In other technology news, Novatec introduced a vacuum resin dryer, called the NovaVac II, manufactured by Maguire. Bessemer said Novatec has studied and tested the vacuum dryer since it was commercialized in 2000, and has seen continuous improvement in the technology.
``We are now convinced that this radically different dryer can reliably save energy and increase productivity for a wide range of processors,'' he said.
Novatec is billing the NovaVac II as a beside-the-press unit for short production runs or frequent color changes.
It dries quickly. Conventional dryers work by exposing batches of resin to hot, dry air for several hours, in effect baking the pellets so that the residual moisture migrates to the surface and is carried off by evaporation. The NovaVac II uses a vacuum to pull moisture out of the pellets. It takes only about 40 minutes to dry material - about one-sixth the time of conventional drying - and uses only 20 percent of the energy.
The dryer has three indexing stations, making it possible for the system to dry relatively small batches and also to turn a batch process into an essentially continuous one that keeps pace with the processing machine, the company said.
Novatec also announced several people moves, after the ownership change.
The company said Lawrence DeBaugh, who had been president before the buyout and is a member of the investment group that bought the company in May, now is chairman. Jack Doub remains as executive vice president. John Gillette, another long-time staffer, continues as vice president in charge of engineering. Also, Joe Rich remains as national sales manager.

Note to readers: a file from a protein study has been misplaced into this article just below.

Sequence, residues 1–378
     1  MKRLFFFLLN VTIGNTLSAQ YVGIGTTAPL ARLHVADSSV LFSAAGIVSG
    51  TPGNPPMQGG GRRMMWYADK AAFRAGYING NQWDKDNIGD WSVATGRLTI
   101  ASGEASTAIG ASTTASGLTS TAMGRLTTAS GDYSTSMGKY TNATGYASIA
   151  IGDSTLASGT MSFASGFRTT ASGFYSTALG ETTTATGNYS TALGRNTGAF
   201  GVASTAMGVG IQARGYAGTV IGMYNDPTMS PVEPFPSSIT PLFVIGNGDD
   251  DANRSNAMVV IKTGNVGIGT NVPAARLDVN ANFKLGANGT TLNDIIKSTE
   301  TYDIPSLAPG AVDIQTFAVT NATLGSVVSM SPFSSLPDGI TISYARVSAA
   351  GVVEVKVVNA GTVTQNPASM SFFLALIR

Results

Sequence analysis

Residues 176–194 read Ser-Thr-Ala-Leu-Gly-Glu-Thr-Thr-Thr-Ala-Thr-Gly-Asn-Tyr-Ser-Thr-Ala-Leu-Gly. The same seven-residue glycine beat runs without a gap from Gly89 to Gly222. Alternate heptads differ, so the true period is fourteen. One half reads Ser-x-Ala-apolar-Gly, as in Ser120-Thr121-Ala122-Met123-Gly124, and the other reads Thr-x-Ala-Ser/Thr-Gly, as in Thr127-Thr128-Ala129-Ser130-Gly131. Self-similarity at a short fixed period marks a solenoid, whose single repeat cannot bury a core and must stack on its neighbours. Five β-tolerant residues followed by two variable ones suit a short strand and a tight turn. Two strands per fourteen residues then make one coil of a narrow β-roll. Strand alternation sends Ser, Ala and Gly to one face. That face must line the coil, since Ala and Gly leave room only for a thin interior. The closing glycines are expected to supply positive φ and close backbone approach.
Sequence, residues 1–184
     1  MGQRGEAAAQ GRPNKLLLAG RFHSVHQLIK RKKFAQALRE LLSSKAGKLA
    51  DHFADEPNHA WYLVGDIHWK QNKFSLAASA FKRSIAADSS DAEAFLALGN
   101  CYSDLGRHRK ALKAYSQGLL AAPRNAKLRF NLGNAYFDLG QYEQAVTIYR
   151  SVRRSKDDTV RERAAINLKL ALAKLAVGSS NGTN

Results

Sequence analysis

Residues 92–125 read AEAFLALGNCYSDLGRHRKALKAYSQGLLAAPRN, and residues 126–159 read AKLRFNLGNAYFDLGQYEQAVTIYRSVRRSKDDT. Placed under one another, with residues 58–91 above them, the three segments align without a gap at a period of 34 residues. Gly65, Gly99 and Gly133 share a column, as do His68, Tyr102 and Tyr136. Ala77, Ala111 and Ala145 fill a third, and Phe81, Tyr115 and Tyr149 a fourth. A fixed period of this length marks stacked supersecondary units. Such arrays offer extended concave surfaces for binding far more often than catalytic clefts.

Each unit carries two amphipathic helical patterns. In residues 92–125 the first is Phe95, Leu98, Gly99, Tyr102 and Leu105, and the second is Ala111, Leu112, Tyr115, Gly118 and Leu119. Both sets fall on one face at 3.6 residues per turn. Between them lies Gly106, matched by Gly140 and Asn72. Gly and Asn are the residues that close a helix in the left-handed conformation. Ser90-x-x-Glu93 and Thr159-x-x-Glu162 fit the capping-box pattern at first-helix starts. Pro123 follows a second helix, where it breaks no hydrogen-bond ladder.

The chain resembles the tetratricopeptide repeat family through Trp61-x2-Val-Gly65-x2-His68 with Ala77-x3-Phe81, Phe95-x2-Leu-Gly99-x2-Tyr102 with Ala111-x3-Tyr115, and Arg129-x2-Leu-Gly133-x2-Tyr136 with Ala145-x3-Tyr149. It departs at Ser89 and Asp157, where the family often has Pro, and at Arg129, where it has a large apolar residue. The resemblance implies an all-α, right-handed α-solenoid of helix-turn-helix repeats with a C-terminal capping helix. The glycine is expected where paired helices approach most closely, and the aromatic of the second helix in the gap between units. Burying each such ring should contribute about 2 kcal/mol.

Novatec has hired:
* Elizabeth Pypa as Novatec's executive vice president in charge of finance and operations. She comes with 25 years in plastics processing, most recently as senior vice president of automotive molder Plastech Engineered Products Inc., where she oversaw the building of eight plants, including specifying all auxiliary systems.
* Timothy Noggle as vice president of sales and marketing. Most recently he was sales director-Americas for Graham Machinery Group.
* James Zinski as vice president in charge of applied projects. He also will coordinate project management and installation of resin-handling systems. He has a 17-year career in plastics auxiliary equipment, most recently with Conair, where he held sales and product management positions.
* John Heinrikson as vice president of system sales. His 12-year career in plastics includes sales posts with Sterling, Motan Inc. and Manvel Machinery Sales.
* Chuck Morgan as resin-handling business director. He had spent 29 years with Conair in a range of positions. For much of the past 10 years, he was in charge of Conair's conveying product line and product development.
* Douglas Arndt as senior project manager for systems, who will work in Novatec's new Engineered Systems Project Group. He has 21 years of technical management work in plastics, including 16 at Motan.
Other internal promotions include:
* Tony Crook to product manager for blenders, after working in sales.
* Mark Haynie to product manager for dryers, after working in dryer sales.